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Customer Review

31 of 33 people found the following review helpful
5.0 out of 5 stars Follow the fence, 19 April 2004
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This review is from: Rabbit-Proof Fence [DVD] [2002] (DVD)
Rabbit-Proof Fence is a remarkable story of the courage of three children in the face of brutal racism. As late as 1970, Australia allowed the forcible capture of mixed aboriginal-white children and trained them in concentration-camp-like centers to be domestic servants in white society. This film tells the true story of three such girls who escaped from the center in 1932, and walked 1500 miles back to their family. Their only marker, across the desolate desert and bush, was the world's longest fence, the "rabbit-proof fence," which eventually led them home.

This story of Australia's misguided attempt to help the aborigines "in spite of themselves" has an excellent script and direction. The children, all non-actors, are wonderfully convincing and sympathetic. Kenneth Branagh has a small role as the government official who tries to recapture the girls. David Gulpilil plays the aboriginal tracker who relentlessly follows the girls, and his villainous character was truly frightening. The sweeping photography of the arid bush shows just how tremendous the girls' accomplishment was. Rabbit-Proof Fence is a very sad but important story and I heartily recommend it.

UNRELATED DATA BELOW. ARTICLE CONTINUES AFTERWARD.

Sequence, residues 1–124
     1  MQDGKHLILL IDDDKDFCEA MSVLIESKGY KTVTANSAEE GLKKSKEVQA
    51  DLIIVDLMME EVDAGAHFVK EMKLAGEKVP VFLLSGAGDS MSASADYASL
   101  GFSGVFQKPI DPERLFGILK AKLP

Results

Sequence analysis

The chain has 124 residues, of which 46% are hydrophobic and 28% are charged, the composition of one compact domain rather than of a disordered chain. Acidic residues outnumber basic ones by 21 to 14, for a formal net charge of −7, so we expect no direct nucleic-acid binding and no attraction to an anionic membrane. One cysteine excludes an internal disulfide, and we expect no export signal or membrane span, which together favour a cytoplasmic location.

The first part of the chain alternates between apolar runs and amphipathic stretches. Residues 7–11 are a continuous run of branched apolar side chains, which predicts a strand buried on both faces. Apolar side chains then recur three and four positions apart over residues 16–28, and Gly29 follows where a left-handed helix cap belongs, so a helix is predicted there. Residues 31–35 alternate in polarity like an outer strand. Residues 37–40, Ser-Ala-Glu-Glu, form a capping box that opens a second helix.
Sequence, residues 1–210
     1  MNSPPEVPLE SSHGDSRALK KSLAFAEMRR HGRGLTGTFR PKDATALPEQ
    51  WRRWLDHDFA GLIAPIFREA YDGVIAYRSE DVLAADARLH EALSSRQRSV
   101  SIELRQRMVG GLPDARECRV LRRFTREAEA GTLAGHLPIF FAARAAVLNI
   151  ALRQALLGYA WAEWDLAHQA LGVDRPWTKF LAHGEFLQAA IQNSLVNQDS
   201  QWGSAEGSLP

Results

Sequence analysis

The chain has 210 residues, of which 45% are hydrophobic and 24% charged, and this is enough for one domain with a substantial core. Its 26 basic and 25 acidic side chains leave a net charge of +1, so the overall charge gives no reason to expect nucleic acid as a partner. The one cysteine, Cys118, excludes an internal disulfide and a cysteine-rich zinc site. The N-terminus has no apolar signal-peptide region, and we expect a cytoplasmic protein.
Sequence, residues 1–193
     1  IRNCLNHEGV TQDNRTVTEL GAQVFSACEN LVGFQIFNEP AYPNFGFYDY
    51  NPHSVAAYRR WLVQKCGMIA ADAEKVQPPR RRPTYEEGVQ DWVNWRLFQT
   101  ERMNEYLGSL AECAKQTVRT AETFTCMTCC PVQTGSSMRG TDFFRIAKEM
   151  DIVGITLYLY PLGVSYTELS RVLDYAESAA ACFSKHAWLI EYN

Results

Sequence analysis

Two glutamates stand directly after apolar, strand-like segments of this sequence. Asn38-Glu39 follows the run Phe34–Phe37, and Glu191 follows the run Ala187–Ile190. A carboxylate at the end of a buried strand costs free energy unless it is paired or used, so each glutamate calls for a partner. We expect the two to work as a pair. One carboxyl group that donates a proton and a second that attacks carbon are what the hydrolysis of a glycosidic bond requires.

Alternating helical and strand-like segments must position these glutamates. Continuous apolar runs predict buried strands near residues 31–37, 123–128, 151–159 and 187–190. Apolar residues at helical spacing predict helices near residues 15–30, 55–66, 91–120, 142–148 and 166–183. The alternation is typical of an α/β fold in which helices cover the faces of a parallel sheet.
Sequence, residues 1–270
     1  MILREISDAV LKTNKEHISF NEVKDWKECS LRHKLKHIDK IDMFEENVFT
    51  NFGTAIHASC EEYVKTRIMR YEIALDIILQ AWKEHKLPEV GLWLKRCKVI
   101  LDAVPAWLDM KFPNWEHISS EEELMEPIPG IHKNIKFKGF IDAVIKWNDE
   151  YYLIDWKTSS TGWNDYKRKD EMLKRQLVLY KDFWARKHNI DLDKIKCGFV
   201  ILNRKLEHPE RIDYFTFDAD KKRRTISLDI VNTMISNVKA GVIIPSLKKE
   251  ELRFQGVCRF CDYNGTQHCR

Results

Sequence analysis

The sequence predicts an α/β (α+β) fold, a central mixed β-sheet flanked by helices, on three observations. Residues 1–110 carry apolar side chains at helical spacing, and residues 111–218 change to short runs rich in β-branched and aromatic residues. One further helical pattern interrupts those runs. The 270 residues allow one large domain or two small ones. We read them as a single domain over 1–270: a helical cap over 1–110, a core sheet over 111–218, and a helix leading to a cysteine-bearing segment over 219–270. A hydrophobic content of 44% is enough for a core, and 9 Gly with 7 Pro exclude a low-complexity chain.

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Showing 1-1 of 1 posts in this discussion
Initial post: 15 Nov 2011 11:11:39 GMT
catsinclova says:
Kenneth Branagh made his presence felt, so it certainly did not feel like a minor role to me.
The aborginal tracker was beautifully played by David Gulpilil, he was definitely not a villain - see the review by Stephen Haines.
He was caught between his white employees, who had his daughter at the mission, and who he was.
He wanted to return to his home with his daughter, watch his face when Mr Neville refuses.
He was having to make the best of a very unjust world.

You see his growing admiration for Molly as she outwits him.
And near the end of the film, you see him smile, he knows they are close and it was his best chance to catch them, but he deliberately lets them go.
He is with a white man/tracker at this point in the film, & it brings home to the viewer the conflicts he is facing.
So beautifully & subtly played with no words needed.
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Kona
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